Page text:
Wood sandcarving

Sandcarving Multiple Surfaces

Liz Haas has been a teacher, trainer and show coordinator for Rayzist Photomask for the past 15 years. For the past 10 years, she has actively taught workshops on the photoresist and the sandcarving process.

Note: This article appears in the November 2016 edition. To ensure that you can access this and other industry focused pieces, be sure to subscribe today!

The possibilities of sandcarving are endless. Sandcarving with photoresist film provides diversity with almost any surface. Rock, wood, glass, metal and more can all be etched using sandcarving. Usually when you think of sandcarving, most of us think glass and crystal. While glass and crystal look beautiful sandcarved, there are so many other surfaces that are enriched with the sandcarved look.


Glass and crystal engraving was originally accomplished through a costly and timely process known as “copper wheel engraving,” reserved for those who were the elite. Today, photoresist film makes it possible to produce text and detailed images in any quantity quickly and simply onto any glass and crystal substrate, such as crystal awards, spirit bottles, bar ware, plaques, art glass and many more.

The polished nature of these substrates allow the user to use Self-Stick photoresist film, making the process even simpler by removing the gluing steps and allowing he or she to reposition the mask whenever necessary.

Sandcarving glass and crystal allows depth that cannot be obtained by any other decorating process. Sandcarving can be done on the front or the back of the glass and crystal substrate. Viewing the etch through the glass allows the customer to see the engraving from a whole new perspective.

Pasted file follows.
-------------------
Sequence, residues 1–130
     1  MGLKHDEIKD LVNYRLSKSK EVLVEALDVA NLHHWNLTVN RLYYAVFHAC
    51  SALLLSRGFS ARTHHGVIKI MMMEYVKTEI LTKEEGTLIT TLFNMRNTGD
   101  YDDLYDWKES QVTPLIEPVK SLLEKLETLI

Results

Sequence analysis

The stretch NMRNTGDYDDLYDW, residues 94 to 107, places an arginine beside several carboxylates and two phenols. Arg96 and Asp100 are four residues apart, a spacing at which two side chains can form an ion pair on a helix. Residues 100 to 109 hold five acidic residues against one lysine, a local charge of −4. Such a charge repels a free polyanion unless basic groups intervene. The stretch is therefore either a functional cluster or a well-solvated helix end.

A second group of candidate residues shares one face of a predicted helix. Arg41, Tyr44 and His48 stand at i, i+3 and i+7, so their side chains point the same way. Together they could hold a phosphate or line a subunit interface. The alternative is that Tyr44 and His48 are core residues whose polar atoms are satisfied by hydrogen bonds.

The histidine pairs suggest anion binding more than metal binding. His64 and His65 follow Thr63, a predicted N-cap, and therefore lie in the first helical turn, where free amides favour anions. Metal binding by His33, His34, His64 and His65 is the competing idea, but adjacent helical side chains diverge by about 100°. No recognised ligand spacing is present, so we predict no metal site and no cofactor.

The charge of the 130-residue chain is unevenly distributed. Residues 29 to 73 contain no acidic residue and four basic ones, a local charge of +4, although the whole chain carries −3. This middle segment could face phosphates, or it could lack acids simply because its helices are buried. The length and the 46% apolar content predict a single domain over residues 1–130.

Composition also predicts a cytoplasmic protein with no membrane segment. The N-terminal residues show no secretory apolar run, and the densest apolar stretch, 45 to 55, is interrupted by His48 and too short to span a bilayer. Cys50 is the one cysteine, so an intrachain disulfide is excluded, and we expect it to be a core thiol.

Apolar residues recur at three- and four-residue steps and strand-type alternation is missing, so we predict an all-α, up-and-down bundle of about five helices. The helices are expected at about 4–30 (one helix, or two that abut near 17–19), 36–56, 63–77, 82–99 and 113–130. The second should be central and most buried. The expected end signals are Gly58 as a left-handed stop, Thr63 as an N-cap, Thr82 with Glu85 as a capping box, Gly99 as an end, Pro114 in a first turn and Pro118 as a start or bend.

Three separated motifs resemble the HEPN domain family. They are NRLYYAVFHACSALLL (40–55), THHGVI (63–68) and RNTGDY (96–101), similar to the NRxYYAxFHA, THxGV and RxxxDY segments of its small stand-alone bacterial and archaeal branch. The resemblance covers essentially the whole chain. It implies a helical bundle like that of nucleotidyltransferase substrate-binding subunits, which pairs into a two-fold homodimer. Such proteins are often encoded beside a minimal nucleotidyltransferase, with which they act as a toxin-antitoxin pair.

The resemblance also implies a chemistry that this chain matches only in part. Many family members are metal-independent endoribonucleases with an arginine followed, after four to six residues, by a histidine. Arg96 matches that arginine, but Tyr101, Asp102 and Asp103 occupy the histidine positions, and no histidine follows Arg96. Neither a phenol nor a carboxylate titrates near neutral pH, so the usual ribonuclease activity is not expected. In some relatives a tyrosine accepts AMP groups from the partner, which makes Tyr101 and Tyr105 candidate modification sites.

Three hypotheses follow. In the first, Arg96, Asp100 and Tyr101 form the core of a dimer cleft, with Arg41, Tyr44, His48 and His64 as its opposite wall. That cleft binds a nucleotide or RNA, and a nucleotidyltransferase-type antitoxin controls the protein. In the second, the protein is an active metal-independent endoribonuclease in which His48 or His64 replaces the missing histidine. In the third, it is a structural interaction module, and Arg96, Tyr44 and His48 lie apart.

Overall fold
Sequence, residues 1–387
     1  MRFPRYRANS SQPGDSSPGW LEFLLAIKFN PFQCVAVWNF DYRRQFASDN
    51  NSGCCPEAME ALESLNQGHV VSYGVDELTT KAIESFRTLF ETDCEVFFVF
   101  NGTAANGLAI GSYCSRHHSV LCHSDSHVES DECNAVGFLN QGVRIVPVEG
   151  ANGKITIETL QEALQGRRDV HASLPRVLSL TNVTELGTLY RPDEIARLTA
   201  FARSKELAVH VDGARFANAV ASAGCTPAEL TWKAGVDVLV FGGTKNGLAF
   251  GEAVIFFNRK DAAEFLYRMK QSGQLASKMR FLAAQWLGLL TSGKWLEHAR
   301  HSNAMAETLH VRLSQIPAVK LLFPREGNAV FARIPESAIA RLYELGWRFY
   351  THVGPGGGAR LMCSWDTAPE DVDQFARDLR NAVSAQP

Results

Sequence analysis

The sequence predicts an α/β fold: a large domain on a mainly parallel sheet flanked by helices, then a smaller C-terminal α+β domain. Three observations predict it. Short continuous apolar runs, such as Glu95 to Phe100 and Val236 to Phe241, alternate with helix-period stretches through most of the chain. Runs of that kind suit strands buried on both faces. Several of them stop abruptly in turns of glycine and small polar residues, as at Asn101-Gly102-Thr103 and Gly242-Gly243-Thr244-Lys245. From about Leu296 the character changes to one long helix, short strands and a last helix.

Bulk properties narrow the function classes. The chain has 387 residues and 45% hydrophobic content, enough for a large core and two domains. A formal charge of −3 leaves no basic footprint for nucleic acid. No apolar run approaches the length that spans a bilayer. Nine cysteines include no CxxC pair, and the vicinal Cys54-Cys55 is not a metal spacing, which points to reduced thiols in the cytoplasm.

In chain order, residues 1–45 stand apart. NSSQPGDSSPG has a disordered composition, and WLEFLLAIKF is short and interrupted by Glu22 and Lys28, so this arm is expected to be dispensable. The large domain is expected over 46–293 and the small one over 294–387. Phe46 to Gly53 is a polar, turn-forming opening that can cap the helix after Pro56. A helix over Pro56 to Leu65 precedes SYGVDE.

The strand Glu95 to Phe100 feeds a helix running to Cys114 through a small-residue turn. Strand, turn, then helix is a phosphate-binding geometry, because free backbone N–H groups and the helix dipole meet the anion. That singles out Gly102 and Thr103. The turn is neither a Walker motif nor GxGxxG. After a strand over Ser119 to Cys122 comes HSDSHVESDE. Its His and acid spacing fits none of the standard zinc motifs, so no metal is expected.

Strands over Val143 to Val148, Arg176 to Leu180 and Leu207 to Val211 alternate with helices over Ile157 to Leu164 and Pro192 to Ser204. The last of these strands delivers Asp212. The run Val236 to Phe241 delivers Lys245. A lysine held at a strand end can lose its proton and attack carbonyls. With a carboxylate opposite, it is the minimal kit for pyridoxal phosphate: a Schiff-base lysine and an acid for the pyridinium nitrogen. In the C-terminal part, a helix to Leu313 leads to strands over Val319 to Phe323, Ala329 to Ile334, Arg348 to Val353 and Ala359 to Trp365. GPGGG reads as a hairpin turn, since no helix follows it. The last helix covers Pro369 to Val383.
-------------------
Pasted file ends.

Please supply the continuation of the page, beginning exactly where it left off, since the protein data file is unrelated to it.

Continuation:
Photoresist films are available in different thicknesses to achieve a surface, moderate, or deep etch while attaining detailed artwork. With a moderate to deep etch, it also gives you the opportunity to add paint inside the etch, adding value with just one additional step.


There are so many types of stone that fall under the umbrella of natural stone, and sandcarving with photoresist film can tackle all projects from small river rocks to large donation recognition walls, not to mention memorial stones.

Small stones are often used for weddings as decoration, containing scriptures or inspirational words. Because small stones have a polished surface, a Self-Stick film will work perfect for these small stones—film in 4mil or 5mil will adhere nicely to the polish surface.

Medium stones such as pet memorials, garden and river rocks, bricks, pavers, and personalized stones usually have an unpolished and irregular surface. With an unpolished surface, the Self-Stick film will not adhere properly to the surface, especially if the surface is porous. We recommend an additional adhesive, such as RZ2, or you can use SR2000 and apply adhesive. A 5mil or 6mil photoresist film will allow a medium to deep etch in stone surfaces.